1. We Are Vertigo Titanic and Newtownbreda, South Belfast
Bounce around a giant Inflatable Park, tackle the Ninja Master Course, defy gravity with an Indoor Skydive and hone your skiing skills at one of these two giant indoor activity centres in Titanic Quarter and Newtownbreda, south of Belfast city where younger kids can also get to grips with the Alpine-themed ropes course and soft play area.
Take a reservoir, fill it with inflatables and bring all the family for a fab aquatic day out. Little ducklings will enjoy the epic Puddle Park while older more savvy swimmers can try everything from wakeboarding to kayaking and open water swimming. Glamping pods and on-site eateries elevate this watery wonderland to a truly unique overnight adventure.
All creatures great and small reside at this working farm on the fringes of East Belfast. Children can get up close to bottle-feed lambs, cuddle chicks and pet pups, then watch the cows being milked and sheepdogs complete their agility course. A tractor-led trailer takes visitors uphill to feed the herd of red deer and enjoy stunning views across to Stormont Parliament Buildings. More indoor and outdoor activities keep children happy whatever the weather, and the glamping pods will elongate your verdant vacay.
Just under an hour's drive from Belfast sits this sprawling outdoor adventure centre where children can enjoy zorbing, llama treks, tree top rope walks. paintballing and lots more. And, yes, those ubiquitous glamping pods, as well as cafe and burger van, invite families to stay on-site and make the most of their high octane visit. Splash NI, a giant inflatable water-based obstacle course has also opened nearby for full on outdoor fun and japes.
Pickie's puffer train and pedalo swans have been entertaining local kids for generations, and today they've been joined by disco ducks, go-karts, crazy golf and a colourful splash park. Enjoy lunch in the cafe as you take in the views of Bangor's delightful yacht-filled marina. Find it just 30 mins east of Belfast in this Co. Down seaside town.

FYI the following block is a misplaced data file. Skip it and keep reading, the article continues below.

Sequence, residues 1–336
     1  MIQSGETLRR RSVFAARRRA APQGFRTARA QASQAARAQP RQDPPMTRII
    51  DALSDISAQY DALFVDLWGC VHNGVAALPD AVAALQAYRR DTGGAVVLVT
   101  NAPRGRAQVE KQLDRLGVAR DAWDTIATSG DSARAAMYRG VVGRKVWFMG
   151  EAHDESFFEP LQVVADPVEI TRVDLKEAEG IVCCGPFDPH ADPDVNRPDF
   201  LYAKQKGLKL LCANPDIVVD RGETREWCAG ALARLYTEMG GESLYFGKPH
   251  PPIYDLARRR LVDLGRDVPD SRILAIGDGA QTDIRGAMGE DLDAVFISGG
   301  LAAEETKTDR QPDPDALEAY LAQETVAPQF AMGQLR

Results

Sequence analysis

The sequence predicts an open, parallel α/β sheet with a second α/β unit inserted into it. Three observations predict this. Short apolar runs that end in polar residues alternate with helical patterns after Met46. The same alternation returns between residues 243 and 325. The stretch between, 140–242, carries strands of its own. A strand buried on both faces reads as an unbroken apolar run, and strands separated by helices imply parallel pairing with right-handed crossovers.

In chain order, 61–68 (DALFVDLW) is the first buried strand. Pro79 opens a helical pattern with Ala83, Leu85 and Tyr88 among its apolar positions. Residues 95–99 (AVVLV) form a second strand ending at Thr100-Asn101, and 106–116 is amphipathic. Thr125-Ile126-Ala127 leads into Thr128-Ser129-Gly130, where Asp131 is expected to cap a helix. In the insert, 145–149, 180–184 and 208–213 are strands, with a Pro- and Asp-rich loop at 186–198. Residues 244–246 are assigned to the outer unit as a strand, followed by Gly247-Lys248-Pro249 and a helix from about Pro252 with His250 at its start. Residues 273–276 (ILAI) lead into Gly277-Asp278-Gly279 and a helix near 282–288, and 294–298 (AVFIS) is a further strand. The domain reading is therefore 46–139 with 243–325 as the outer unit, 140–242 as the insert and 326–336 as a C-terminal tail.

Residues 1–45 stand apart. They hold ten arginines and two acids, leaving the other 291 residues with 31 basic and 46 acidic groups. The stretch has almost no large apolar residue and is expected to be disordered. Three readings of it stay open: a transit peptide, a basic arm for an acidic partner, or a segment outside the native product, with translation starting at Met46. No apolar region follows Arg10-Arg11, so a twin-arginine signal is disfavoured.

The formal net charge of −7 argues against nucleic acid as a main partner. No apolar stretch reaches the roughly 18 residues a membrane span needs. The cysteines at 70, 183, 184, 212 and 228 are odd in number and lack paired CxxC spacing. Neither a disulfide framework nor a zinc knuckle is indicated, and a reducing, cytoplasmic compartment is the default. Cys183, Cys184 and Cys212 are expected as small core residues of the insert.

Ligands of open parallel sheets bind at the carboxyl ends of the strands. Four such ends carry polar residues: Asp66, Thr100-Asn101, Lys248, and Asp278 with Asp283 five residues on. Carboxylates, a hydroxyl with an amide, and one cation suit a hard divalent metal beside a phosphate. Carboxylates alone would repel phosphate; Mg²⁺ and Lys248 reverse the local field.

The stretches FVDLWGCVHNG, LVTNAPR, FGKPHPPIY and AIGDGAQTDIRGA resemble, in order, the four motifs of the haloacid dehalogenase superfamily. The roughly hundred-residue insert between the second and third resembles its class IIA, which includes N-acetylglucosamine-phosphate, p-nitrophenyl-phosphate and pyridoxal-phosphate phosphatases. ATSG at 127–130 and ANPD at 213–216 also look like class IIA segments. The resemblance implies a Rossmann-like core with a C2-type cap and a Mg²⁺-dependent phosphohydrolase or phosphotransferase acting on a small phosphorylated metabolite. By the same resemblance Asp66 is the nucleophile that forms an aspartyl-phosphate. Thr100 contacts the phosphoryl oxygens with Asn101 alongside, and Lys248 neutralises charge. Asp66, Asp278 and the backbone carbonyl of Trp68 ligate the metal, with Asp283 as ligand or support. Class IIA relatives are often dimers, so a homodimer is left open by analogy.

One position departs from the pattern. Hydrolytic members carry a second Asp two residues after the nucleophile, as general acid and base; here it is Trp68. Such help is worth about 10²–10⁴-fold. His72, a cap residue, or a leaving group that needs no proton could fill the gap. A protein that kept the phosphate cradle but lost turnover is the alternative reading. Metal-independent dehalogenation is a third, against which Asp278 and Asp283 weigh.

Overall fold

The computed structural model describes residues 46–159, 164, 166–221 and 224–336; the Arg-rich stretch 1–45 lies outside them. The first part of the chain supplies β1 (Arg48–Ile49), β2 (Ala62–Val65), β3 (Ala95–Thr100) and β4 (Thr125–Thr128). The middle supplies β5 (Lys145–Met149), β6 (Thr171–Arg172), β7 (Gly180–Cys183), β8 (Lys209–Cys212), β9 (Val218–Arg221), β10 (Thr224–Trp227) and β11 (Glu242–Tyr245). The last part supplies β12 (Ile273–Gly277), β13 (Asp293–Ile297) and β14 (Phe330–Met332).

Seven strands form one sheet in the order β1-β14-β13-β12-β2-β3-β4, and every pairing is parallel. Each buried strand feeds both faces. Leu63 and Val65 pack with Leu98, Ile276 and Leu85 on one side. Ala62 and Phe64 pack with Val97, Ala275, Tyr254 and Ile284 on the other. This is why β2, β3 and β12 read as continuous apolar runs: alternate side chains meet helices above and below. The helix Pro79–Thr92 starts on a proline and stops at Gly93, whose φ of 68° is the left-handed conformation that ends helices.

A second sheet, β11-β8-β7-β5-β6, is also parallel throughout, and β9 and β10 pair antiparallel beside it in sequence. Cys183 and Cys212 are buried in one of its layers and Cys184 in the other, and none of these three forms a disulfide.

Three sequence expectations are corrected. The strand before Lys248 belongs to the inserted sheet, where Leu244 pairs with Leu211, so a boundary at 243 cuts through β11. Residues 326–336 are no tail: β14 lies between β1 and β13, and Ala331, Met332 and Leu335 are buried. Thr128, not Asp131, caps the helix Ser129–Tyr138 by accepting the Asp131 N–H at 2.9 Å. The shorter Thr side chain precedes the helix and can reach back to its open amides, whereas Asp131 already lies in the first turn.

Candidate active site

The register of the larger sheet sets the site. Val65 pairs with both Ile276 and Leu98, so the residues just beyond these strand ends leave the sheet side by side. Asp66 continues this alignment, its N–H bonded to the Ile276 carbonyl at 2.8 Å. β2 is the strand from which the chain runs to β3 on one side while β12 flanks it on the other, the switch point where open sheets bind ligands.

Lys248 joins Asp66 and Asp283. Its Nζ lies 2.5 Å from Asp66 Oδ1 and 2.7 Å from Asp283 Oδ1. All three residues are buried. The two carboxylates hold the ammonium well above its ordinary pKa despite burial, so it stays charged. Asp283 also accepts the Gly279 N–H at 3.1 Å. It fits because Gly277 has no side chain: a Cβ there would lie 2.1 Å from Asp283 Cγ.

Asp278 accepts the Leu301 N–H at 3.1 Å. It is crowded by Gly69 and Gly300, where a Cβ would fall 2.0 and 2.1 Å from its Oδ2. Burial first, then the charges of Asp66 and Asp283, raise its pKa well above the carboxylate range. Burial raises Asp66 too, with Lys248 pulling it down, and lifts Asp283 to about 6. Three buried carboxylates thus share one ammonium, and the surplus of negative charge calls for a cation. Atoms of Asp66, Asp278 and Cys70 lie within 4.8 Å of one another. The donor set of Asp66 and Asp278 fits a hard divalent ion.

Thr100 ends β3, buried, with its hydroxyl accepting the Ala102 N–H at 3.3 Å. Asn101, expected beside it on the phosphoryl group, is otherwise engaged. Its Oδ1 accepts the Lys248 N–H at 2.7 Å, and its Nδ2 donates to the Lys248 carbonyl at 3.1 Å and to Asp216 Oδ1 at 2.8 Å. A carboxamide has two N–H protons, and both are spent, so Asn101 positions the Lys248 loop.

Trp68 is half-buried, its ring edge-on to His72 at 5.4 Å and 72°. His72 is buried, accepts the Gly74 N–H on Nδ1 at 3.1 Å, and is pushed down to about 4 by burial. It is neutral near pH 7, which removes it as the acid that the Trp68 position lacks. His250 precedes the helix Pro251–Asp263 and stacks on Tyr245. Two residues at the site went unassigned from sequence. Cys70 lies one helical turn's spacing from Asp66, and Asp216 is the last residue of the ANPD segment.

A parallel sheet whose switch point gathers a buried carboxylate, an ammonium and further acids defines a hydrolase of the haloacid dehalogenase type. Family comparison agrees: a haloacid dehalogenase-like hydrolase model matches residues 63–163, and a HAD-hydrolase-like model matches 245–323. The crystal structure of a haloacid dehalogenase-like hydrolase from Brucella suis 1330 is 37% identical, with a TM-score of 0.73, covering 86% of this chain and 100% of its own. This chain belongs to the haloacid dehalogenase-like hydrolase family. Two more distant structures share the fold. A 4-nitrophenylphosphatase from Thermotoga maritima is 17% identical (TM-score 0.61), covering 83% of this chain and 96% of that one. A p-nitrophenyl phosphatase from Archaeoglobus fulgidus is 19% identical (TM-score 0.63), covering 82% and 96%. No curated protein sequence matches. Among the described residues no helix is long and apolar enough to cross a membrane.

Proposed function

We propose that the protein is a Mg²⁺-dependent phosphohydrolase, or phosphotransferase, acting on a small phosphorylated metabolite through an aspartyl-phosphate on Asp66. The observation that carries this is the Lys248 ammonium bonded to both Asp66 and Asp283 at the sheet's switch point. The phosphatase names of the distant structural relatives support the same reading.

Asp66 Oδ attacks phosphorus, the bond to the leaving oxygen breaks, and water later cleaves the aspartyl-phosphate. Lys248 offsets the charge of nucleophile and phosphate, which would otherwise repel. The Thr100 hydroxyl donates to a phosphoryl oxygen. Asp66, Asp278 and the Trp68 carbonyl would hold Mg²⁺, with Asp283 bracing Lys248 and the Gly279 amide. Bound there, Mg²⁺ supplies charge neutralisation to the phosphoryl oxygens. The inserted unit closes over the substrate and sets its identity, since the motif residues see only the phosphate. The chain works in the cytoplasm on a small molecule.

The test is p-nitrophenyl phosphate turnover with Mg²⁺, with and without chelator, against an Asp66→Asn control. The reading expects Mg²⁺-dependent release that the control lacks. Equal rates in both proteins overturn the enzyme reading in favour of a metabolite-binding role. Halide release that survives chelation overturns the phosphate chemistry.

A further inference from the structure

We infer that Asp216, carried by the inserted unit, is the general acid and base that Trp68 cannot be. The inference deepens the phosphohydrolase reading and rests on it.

Head way out west to Omagh, Co Tyrone and immerse yourself in the story of the wave of emigration from these shores to the USA where Irishmen and women began new lives in the New World. This fantastic open air museum has rebuilt 18th and 19th century homesteads and workspaces from both sides of the Atlantic and connected them with a magnificent replica ship. Events and activities further animate the park which is, in our opinion, one of NI's most inspiring and educational attractions.
This hybrid attraction combines the history of NI's transport with over 100 years of local tradition. The Transport section includes trams, steam trains and the story of the Belfast-built DeLorean car of Back To The Future fame. While the Folk Museum takes that theme and transports you back through the centuries to visit a reconstructed townland complete with school, churches, bank, shops, farm, post office, cottages and many other authentic Irish buildings. Kids will love exploring both sites and discovering the past from the enthusiastic costumed living history guides.
NI's discovery and science centre gets its quirky name from those age-old questions 'who, what, why, when, where?'. It's a great place to explore, with age-appropriate exhibits designed to enlighten little and bigger brains. Climbit (pic) is a fantastic climbing frame taking up the main atrium and the Spacebase provides younger ones with a rocket-themed multi-sensory activity zone. Regular events ramp up the learning through fun ethos of this big indoor space at Titanic Quarter's Odyssey complex.
Ireland's first Alpine Coaster (pic) and longest zipline add to the adrenalin rush at this West Belfast adventure park. Archery, laserquest and high and low level rope walks with fan descender freefall test the mettle of wannabe Bear Grylls. While young ones will love the Gruffalo Trail that snakes deep into the forest.
This aquarium and seal sanctuary really makes the most of its Strangford Lough setting, with a guided trail telling the story of the shore, from the arrival of the Strangford Vikings through Smugglers Cover, Shipwrecked, and the ongoing battle with ocean pollution. Look out, too, for tropical fish, jellyfish, an octopus, otters and a Nile Crocodile. When in residence, rescued seals can be viewed before they're rehabilitated and released back into the sea. And afterwards, the kids will love the short yet sublime ferry crossing connecting Portaferry with the equally quaint Strangford village.
Gaze in awe at this impressive collection of vintage trains and railwayana then ride the historic restored track from Downpatrick to nearby Inch Abbey. High days and holidays bring bespoke trips to the tracks. Co. Antrim's Whitehead Railway Museum also provides an equally impressive glimpse of our former railway glory before cars took hold.
A dizzy mix of family friendly outdoor activities, as well as a maze shaped like Northern Ireland (yes, you read that right) are among the attractions across this sprawling parkland. Spend a day enjoying its many nooks and crannies and fantastic views across the Irish Sea. Find it 25 miles north of Belfast and 55 miles south of the Giant's Causeway along the famous Causeway Coastal Route.
Other attractions for children to enjoy include Belfast Zoo, HMS Caroline, Armagh Planetarium, Castle Espie, Pirates Advenutre Golf and Dundonald Ice Bowl, Drumawhey Miniature Railway and, for older kids, Titanic Belfast.